Meet Tassy Omah, the Product and User Experience Designer whose GTB App Design went Viral on Social Media
“I redesigned the GTBank mobile app because I use it. The current UI doesn’t look and feel good.”
The saying “when a thing isn’t broken, don’t fix it” does not hold true for Omah. She saw the need to fix the app, and the hell she did!
Omah is a graduate of Imo State University and a 2020 HNG Internship finalist – a large scale remote internship that trains software developers in Nigeria through a competitive internship process and then places the finalists in jobs.
Tassy Omah is a Product and User Experience Designer with over two years of experience. She co-leads WomenPro Tech – a community designed to educate, empower, support, and inspire young women and girls who are passionate about tech in Owerri, Imo State. She also leads Friends of Figma Owerri, a community of designers and techies who use Figma.
Omah is a star girl! A glance at her portfolio is all the confirmation you need.
Scale My Hustle had a mini chat with Omah, and she shares her experience as a young woman who is finding her place in the tech world.
In describing her career life
I’m so into it! I am so passionate about it because I figured the more I know, the more I can earn.
Did Omah know that the tech industry is for her? You’d be shocked that she wanted to be a doctor!
I didn’t know the tech industry was for me until I got into it. As a child, I wanted to be a doctor or a nurse, according to my parent’s desires. But then, I couldn’t gain admission into the university to study Medicine because my JAMB score was low. I was offered Computer Science instead. Computer science in my institution is a joke, but the people I met were all I needed to understand that I could give this a shot. Sometime in my second year, I got a computer and learned Photoshop for almost 1 year before someone within the community introduced me to a UX guy who introduced me to Figma.
I moved from using Photoshop to making logos and flyers to using Figma for my designs. There’s no way I would have known that tech was for me if not for the people around me – I was motivated by what I saw them do with Figma that I just had to get back to UI design. So I worked on myself by reading books and watching videos, and a lot of things began to make sense to me. I was enjoying it and I couldn’t wait to explore more and do better designs.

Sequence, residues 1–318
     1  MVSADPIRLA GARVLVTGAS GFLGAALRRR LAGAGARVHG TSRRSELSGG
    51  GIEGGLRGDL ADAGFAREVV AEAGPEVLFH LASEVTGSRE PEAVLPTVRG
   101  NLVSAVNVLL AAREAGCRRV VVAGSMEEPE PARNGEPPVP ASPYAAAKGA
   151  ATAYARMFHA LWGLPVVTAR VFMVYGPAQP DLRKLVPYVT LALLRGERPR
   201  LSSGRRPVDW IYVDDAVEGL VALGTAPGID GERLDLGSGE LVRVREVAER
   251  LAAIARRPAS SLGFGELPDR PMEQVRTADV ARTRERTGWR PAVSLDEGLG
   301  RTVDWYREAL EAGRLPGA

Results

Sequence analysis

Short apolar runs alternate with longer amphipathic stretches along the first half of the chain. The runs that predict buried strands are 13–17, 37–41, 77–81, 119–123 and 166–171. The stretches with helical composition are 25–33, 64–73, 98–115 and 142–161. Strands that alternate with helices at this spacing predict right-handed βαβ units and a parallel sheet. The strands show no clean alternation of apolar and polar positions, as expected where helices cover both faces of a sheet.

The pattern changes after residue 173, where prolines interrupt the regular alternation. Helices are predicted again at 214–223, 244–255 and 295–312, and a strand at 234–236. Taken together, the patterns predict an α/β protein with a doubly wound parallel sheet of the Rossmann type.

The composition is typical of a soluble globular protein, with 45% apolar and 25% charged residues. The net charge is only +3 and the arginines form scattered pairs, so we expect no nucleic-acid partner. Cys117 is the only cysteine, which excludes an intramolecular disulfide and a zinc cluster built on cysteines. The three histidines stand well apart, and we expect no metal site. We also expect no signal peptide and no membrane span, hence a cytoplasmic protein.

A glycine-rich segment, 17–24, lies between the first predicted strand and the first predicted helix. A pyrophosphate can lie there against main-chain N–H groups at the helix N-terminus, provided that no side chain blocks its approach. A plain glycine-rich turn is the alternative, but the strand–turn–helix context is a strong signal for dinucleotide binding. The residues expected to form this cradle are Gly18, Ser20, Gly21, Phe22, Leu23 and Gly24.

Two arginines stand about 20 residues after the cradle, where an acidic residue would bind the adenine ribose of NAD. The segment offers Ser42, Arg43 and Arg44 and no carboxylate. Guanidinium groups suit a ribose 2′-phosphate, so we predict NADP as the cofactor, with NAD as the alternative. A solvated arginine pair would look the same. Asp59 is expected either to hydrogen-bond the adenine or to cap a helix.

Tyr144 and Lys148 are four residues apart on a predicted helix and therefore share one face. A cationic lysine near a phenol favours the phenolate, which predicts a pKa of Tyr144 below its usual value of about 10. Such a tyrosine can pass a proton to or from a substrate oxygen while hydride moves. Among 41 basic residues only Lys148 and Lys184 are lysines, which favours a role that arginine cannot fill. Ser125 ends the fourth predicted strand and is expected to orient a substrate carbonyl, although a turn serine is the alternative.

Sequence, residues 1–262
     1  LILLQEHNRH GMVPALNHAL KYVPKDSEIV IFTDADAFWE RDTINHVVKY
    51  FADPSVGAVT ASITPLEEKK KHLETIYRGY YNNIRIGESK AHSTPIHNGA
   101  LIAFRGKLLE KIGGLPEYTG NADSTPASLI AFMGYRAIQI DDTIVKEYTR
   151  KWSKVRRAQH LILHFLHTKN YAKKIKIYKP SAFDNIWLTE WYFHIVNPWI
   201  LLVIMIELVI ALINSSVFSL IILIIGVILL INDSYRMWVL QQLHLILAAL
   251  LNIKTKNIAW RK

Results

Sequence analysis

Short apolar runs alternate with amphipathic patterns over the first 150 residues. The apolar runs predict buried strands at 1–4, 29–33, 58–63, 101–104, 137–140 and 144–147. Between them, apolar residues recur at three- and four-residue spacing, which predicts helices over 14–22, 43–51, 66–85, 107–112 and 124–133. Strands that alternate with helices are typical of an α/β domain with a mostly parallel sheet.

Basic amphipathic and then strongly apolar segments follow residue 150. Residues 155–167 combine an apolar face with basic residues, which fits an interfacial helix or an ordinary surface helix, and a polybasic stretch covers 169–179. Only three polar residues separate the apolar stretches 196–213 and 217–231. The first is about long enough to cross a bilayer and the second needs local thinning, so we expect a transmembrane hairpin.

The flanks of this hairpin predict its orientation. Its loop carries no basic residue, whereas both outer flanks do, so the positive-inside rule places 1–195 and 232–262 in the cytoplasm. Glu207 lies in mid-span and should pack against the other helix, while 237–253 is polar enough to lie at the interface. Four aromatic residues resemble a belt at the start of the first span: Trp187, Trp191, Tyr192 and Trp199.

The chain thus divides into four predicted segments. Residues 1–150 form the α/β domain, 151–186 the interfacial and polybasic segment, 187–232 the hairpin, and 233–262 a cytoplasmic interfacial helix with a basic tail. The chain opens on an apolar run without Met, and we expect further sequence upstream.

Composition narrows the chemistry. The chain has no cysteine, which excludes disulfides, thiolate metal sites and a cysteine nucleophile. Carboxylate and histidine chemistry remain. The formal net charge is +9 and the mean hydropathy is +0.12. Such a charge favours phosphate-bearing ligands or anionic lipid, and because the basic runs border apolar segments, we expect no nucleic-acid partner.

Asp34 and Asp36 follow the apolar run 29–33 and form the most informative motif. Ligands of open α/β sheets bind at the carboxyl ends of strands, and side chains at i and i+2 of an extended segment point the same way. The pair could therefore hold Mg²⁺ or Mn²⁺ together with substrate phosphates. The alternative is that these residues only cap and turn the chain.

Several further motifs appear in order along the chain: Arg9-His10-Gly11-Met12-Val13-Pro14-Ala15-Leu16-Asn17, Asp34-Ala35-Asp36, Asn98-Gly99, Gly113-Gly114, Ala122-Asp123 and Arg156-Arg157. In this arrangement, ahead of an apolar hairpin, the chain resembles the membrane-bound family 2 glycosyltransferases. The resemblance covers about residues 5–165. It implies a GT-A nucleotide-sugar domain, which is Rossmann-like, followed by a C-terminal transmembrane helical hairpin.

On redesigning the GTBank mobile app
I redesigned the GTBank mobile app because I use it. The current UI doesn’t look and feel good. So while trying to create projects to add to my portfolio so I can at least get a job, I thought about it, conducted my research, and continued from there.
The bank is yet to acknowledge Omah’s design, though she tagged them on Twitter and LinkedIn. “I’m creating these projects to build my portfolio, the recognition and reward will come in its due time”, she says.
On her journey into tech so far, and the high and low moments
My journey in tech started officially this year. All this while, I have been doing Photoshop and I was comfortable with it because I had people who paid my bills, but when things toughened, I had to take a look at myself and began working on myself, else I wouldn’t be able to handle projects that come my way.
In January, I started with a friend’s project to apply all that I learned from books, articles, and videos. After that project, which I didn’t finish, I started doing daily UI and stopped on day 15. Then HNG came and I flexed all my creative muscles there and, by God’s grace, I made it to the finals. After the internship, I applied for jobs and I got nothing.
I shared some of the designs I created during the internship on Twitter and someone reached out to me. That was how I got my first gig and designed over 100 screens of a mobile app. I then started getting gigs based on referrals. They didn’t pay so much, the highest I got was #250,000, but I’m proud because I finally have something for my portfolio.
My major challenge is trying to push myself to get better and also get a better job.
On women in the tech industry
I barely have enough work experience to tell about the injustices done to women in the tech industry. I think most women are the ones avoiding tech. I’ve worked with developer communities to organize meetups for women and the men show up more than women. I’ll love to see more women get into tech, be good enough, and be confident in their skills.
Omah has learned to be bold
I used to be scared to show my work. I fear the professionals would rate my designs poorly which would make me feel so bad, but then my friend, Ndubuisi, encouraged me to post my work online. I think to be heard, you need to put yourself out there and show people what you do. Let them talk; you just keep pushing yourself out there. One day, it’ll make sense.
A big thank you to Omah for sharing her tech journey with us and we look forward to seeing her at the top.